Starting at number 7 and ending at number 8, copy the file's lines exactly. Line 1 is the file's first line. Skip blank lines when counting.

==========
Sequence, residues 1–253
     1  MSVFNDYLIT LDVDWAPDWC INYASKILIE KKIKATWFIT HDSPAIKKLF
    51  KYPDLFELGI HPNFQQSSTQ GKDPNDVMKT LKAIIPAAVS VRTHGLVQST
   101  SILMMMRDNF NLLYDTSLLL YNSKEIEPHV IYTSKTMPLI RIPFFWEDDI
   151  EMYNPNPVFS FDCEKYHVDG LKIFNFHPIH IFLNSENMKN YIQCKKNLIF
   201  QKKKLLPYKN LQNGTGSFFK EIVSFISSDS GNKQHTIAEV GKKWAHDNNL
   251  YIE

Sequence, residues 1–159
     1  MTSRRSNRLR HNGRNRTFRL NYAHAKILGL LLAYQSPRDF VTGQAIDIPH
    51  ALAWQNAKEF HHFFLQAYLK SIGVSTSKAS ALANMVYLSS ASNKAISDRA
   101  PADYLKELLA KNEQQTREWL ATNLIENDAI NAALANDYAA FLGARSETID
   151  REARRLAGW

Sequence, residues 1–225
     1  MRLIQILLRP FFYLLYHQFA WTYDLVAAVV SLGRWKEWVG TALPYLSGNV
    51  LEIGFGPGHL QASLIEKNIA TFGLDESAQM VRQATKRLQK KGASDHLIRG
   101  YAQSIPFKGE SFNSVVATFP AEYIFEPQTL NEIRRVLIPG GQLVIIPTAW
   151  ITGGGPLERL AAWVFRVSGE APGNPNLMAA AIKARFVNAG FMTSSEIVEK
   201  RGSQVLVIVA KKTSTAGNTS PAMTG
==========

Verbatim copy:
   251  YIE

Sequence, residues 1–159